Exercising at the highest possible sustainable workload results in the best individual performance. The point in progressive exercise above which the level of intensity cannot be sustained has been given many names. Anaerobic, ventilatory, and lactate thresholds are the most commonly used terms, although none clearly defines the phenomenon well. At any given point of training or health, the threshold is fairly reproducible. The term lactate threshold (LT) will be used for sake of this discussion. It is important to understand that the LT—more than max—can be trained to move to a higher level of intensity; this translates into a functional increase in endurance and performance, whether in athletic endeavor or wilderness adventure.
The onset of unsustainable work intensity essentially involves a shift of fuel supply within the cell. At workloads below the LT, free fatty acids are the primary oxidative fuel. Above the LT, when the oxidative turnover of free fatty acids cannot keep up with the demand for adenosine triphosphate, glycolysis occurs. Muscle glycogen is broken down as fuel, with lactic acid being produced at a rate beyond the body’s ability to use it.33,49 Blood lactate levels correlate with intensity of work and thus are inversely correlated with the duration of a competitive event (Figure 97-3).
FIGURE 97-3 An original figure redrawn from data from Sahlin and colleagues (Figures 1 and 2, p. 46) showing the linear relationship between the amount of muscle lactate and pyruvate as compared with muscle pH. Data are combined from different exercise intensities and different durations of recovery after exercise to exhaustion.
(From Robergs RA, Ghiasvand F, Parker D: Biochemistry of exercise-induced metabolic acidosis, Am J Physiol Regul Integr Comp Physiol 287:R502, 2004; and Sahlin K, Horris RC, Nylind B, et al: Lactate content and pH in muscle samples obtained after dynamic exercise, Pflügers Arch 367:143, 1976.)
For example, a 10,000-m runner may have only a slightly elevated blood lactate level as compared with the resting level as he or she slowly depletes muscle glycogen; alternatively, an 800-m runner will have a markedly elevated blood lactate concentration at the end of the race, because glycolytic signaling is invoked early at high levels of exertion. With sustained aerobic training, use of free fatty acids, which is abundant, is shifted to higher intensities and functionally spares muscle glycogen. The point at which lactate starts to rise in the blood is quite variable, but usually occurs at about 60% of max in untrained individuals; in highly trained individuals, this point may come at 75% to 85% of max. In the trained individual, this difference is due both to improved convection of oxygen with increased capillary density as well as to distribution of muscle fiber types with improved oxidative efficiency.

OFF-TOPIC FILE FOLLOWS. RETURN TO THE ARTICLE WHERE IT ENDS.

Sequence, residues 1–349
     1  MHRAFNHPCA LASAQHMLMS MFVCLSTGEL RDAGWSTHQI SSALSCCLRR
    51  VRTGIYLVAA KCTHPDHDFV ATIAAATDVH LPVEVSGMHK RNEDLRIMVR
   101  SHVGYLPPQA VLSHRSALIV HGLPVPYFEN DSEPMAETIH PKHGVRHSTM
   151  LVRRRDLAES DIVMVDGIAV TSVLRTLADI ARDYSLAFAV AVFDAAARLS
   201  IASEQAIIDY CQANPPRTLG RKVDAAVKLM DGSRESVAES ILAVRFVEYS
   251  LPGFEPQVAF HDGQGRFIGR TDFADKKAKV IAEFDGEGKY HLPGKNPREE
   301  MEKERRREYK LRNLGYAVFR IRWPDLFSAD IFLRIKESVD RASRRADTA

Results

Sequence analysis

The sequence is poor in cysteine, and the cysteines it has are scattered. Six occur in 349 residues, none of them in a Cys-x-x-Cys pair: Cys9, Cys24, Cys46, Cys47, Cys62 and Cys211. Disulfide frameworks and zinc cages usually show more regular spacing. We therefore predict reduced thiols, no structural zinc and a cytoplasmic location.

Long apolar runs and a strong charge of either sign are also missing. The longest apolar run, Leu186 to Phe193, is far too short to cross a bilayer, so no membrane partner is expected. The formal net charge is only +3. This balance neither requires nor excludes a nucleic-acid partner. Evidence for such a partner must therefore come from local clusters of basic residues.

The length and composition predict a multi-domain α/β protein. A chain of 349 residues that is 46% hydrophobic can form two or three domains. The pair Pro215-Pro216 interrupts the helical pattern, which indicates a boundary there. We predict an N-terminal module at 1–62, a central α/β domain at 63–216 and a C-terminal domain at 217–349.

Lactate has often been portrayed as the culprit that leads to fatigue. However, two misconceptions about this need to be corrected. First, as long as there is blood flow, the LT is actually not associated with mitochondrial hypoxia or anoxia. Anaerobic metabolism is not occurring. Convection of oxygen to the cell, and diffusion gradients from the blood across the cell membrane into the cytosol and from the cytosol into the mitochondria, are adequate to supply oxygen for oxidative phosphorylation. Second, it is not accumulation of lactic acid that causes muscle fatigue or pain during exhaustive exercise. More likely, muscle fatigue is accumulation of the associated hydrogen ion when progressively increasing amounts of pyruvate being delivered to the mitochondria cannot undergo oxidation, thus leading to the generation of lactic acid and the associated hydrogen ion.
Understanding the top end of the body’s physiology is only the beginning of understanding the translation of energy potential into endurance, efficiency, and performance. This next section stresses the importance of sustainable work, which is the key to engaging in any wilderness endeavor. Sustainable work is defined as the level of exertion that can be sustained for many minutes, hours, or days. It is an intensity of exertion that is below one’s LT. Levels of intensity above the LT are reserved for more explosive events in sport or flight of less than a few minutes’ duration. Examples in track and field are the 100- to 1500-m events. In the wild, the short spurt of energy exerted by a cheetah to capture prey is above the animal’s LT and not sustainable, which is why the gazelle sometimes wins.
The ability of a muscle to sustain work is related to its oxidative capacity. This capacity is quite malleable, and depends on the level of the muscle’s activity while it is engaged.19,28 Among high-level athletes, oxidative capacity can be several-fold greater than among untrained individuals. Functionally, then, high-level athletes have inherently high max levels, and can perform sustainable work at a much higher percentage of their maximum capacity. For example, an international cyclist may have a maximum work capacity of 550 watts and be able to sustain 450 watts of work during an hour-long hill climb. This is an extraordinary level of work output. A more usual and quasi-sedentary individual may have a maximum workload of 200 watts and be able to sustain 50% to 60% of that work intensity, which is considered to be “normal.”